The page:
Independent scientists have been monitoring the locations of radioactive "hot spots" around Japan, and their findings are disconcerting.

"We have 20 nuclear cores exposed, the fuel pools have several cores each, that is 20 times the potential to be released than Chernobyl," said Gundersen. "The data I'm seeing shows that we are finding hot spots further away than we had from Chernobyl, and the amount of radiation in many of them was the amount that caused areas to be declared no-man's-land for Chernobyl. We are seeing square kilometres being found 60 to 70 kilometres away from the reactor. You can't clean all this up. We still have radioactive wild boar in Germany, 30 years after Chernobyl."





Obscenity is the last refuge of an inarticulate motherfucker.
WellMadeMale
Posted: Monday, June 20, 2011 9:30:28 AM

Rank: Constant Gardener

Joined: 9/30/2009
Posts: 10,781
Location: Cakeland, United States
Most nuclear power plants in America, are older...and in worse condition physically...than most members of LushStories.com.

By JEFF DONN, AP National Writer – Mon Jun 20, 3:38 am ET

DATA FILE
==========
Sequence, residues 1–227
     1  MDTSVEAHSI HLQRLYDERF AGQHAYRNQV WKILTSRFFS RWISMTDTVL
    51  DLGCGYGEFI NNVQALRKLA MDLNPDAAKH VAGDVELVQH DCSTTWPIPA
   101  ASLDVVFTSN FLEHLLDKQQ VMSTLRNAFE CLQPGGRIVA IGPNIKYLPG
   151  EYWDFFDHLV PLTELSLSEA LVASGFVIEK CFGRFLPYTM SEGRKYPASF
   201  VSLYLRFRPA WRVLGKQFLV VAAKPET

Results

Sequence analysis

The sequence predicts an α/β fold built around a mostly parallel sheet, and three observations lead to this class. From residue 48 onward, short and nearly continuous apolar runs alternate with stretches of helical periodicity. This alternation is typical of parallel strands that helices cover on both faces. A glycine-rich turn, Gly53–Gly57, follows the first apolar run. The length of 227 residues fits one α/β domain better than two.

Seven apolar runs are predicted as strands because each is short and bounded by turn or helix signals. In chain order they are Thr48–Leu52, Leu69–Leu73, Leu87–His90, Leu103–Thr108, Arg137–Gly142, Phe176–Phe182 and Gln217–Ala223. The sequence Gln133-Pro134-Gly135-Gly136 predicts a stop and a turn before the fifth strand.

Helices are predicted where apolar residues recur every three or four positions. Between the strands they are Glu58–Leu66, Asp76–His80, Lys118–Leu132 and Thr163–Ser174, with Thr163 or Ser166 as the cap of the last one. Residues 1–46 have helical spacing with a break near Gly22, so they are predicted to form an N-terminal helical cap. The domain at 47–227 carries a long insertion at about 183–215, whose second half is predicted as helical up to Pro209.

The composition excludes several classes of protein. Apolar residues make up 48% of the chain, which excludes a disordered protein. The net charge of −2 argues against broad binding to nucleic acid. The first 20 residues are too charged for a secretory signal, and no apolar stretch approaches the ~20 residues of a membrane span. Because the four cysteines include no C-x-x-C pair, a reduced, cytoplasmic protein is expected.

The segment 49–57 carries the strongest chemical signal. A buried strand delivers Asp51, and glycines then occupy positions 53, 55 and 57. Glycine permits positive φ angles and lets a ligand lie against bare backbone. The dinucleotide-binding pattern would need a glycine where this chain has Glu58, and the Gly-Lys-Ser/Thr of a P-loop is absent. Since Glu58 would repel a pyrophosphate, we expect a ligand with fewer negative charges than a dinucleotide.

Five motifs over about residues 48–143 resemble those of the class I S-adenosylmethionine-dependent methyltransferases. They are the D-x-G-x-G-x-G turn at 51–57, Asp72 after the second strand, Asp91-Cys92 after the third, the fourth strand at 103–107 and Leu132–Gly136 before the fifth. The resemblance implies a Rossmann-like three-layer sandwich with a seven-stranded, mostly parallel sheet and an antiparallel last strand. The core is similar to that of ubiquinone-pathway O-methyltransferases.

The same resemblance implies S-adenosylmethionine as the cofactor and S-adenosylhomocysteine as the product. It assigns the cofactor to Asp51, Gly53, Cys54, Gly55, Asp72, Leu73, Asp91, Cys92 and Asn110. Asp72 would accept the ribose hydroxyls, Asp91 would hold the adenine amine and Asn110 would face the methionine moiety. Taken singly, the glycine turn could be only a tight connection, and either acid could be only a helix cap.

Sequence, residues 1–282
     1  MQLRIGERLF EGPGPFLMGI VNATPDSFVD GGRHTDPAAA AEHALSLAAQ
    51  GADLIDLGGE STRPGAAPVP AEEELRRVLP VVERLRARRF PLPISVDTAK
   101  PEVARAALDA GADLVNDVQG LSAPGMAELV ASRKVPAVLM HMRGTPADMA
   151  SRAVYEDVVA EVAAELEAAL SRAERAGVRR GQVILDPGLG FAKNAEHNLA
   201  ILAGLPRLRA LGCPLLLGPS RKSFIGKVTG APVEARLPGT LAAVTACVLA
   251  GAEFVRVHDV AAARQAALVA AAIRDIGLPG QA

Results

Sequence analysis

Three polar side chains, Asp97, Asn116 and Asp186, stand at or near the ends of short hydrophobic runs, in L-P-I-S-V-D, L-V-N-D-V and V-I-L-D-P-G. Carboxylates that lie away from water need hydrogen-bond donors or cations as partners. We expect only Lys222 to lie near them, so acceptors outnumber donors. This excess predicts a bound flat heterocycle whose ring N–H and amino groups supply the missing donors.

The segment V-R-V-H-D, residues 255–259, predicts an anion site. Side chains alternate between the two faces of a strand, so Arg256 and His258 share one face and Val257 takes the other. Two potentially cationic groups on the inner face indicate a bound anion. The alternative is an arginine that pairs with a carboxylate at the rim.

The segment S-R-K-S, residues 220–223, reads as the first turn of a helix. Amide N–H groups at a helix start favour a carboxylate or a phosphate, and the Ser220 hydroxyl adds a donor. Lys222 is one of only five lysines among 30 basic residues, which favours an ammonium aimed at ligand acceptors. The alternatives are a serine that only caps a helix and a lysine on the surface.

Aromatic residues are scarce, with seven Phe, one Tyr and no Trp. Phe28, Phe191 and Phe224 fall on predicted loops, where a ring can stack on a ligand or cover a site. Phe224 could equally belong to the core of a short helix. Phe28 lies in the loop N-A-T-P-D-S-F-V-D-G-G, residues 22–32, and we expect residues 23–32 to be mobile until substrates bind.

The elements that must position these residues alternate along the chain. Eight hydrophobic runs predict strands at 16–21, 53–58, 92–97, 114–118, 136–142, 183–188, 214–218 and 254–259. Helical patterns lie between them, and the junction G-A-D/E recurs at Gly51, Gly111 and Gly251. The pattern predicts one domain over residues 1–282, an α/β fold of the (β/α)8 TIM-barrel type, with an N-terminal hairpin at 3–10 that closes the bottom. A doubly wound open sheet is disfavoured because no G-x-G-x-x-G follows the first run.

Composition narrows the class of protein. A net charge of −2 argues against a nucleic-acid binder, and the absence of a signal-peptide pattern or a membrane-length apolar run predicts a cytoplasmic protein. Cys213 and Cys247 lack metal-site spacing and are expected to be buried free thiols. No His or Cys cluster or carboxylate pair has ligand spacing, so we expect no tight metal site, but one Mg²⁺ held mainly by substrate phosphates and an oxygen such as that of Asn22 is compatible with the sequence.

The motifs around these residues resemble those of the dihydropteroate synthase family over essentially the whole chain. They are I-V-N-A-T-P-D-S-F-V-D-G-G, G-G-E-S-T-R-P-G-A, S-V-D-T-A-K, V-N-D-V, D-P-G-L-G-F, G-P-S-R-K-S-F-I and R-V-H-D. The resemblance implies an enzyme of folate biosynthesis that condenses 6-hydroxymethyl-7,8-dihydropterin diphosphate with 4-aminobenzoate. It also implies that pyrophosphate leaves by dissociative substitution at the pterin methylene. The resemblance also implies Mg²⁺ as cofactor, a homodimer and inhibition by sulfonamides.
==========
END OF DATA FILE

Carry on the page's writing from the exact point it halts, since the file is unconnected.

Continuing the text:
LACEY TOWNSHIP, N.J. – Federal regulators have been working closely with the nuclear power industry to keep the nation's aging reactors operating within safety standards by repeatedly weakening those standards, or simply failing to enforce them, an investigation by The Associated Press has found.

Time after time, officials at the U.S. Nuclear Regulatory Commission have decided that original regulations were too strict, arguing that safety margins could be eased without peril, according to records and interviews.

The result? Rising fears that these accommodations by the NRC are significantly undermining safety — and inching the reactors closer to an accident that could harm the public and jeopardize the future of nuclear power in the United States.

Examples abound. When valves leaked, more leakage was allowed — up to 20 times the original limit. When rampant cracking caused radioactive leaks from steam generator tubing, an easier test of the tubes was devised, so plants could meet standards.